While the US has valid concerns about restricting China's access, the newness of the quantum technology may make it hard to put controls in place.
The extraordinary potential of quantum computing makes it one of the hottest areas in tech today.
Quantum computing ramps up performance by exploiting the fact that qubits can exist in more than one state at once, rather than the 0 or 1 of classical computer bits. As a result, quantum computers can perform calculations vastly more efficiently, and can be scaled up exponentially.
The applications are endless - but two crucial fields are attracting particular attention: cyber security and defense.
While most encryption today isn't, in theory, uncrackable, it relies on the fact that breaking it would take an unfeasible length of time. And while current quantum technology hasn't yet reached the point where it can speed up the process enough to make it practicable, it looks very much as if this is just a matter of time.
Secure communications, of course, are vital to the armed forces. But quantum computing has a wide range of military applications beyond this. Quantum sensing, in particular, has the potential to enable positioning, navigation, and timing where GPS is unavailable, as well as having applications in intelligence, surveillance, and reconnaissance. The US is determined not to fall behind.
The quantum race
In a recent report, the Rand Corporation concluded that the US was the current world leader in most quantum technologies, with technical capability in quantum computing and sensing, though not in quantum communications.
Chinese capabilities are harder to assess given the secretive nature of much of the work being done, but are believed to include the technical capability in quantum communications. A year ago, meanwhile, China unveiled the world's fastest programmable quantum computer.
And according to a McKinsey report, the country has committed to spending a whopping $15 billion on quantum research, twice the investment of the US and EU.
Export controls in the pipeline
As a result, according to reports, the White House is considering new controls on exports of quantum computing equipment (as well as AI technology) to China.
When asked last week whether this was the case, undersecretary for industry and security Alan Estevez commented, "If I was a betting person, I would put down money on that."
The proposed controls could apply to materials, isotopes, and fabrication techniques for quantum devices, post-quantum cryptography, and the technologies involved in quantum sensing and networking. However, this may be easier said than done.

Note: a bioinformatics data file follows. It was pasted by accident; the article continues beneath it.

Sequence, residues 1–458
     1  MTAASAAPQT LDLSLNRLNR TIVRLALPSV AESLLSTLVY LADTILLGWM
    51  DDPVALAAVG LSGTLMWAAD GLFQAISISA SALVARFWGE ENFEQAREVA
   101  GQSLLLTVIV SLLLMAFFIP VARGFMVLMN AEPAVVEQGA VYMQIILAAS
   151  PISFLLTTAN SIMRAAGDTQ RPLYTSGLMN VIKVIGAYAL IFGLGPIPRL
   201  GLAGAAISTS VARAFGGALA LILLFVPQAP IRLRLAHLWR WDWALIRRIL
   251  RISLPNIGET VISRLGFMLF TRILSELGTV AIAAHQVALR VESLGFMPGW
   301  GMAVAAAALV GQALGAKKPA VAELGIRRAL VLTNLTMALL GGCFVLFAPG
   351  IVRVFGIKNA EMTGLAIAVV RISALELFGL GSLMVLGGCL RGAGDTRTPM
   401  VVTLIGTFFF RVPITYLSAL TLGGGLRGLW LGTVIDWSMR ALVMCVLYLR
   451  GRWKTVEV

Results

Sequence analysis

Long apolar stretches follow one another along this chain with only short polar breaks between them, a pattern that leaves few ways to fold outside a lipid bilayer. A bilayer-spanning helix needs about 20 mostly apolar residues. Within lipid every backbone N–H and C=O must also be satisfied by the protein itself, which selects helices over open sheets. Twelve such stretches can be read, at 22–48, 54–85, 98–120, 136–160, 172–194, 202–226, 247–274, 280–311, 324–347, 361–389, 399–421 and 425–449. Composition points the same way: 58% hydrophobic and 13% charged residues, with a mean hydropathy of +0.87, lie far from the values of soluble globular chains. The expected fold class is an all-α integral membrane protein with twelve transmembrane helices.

Talks over export controls of quantum technologies have already been going on for years, partly because of the number of bodies involved in the decision, from the Commerce, Defense, Energy and State Departments to the National Security Agency (NSA).
And drawing up the details won't be easy. Because quantum technology is still in its infancy, it's hard to define exactly which products should be restricted.
There could, for example, be controls on the number of qubits a machine could process - except that it might be possible to chain more than one quantum computer together. Meanwhile, error-correction software could turn out to be crucial to machines' operation, possibly making it the most important technology of all.
There's also a danger that badly-crafted export controls could hamper the US industry by making international cooperation more difficult for the US. US controls on semiconductors, for example, have largely failed to prevent shell companies from supplying to China while interfering with the US' own deals.
Meanwhile, many products used in quantum computing are used in other areas, too, meaning that restrictions could damage other industries in the US.
The Rand Corporation makes a number of recommendations about how the US can nurture its own quantum research and manufacture - but specifically warns against imposing export controls on quantum computers or quantum communications systems at this time.
Instead, it says, the government should monitor the international flows of key elements of the industrial base, such as critical components and materials, skilled workers, and final quantum technology products - while continuing to provide a broad base of government R&D support.
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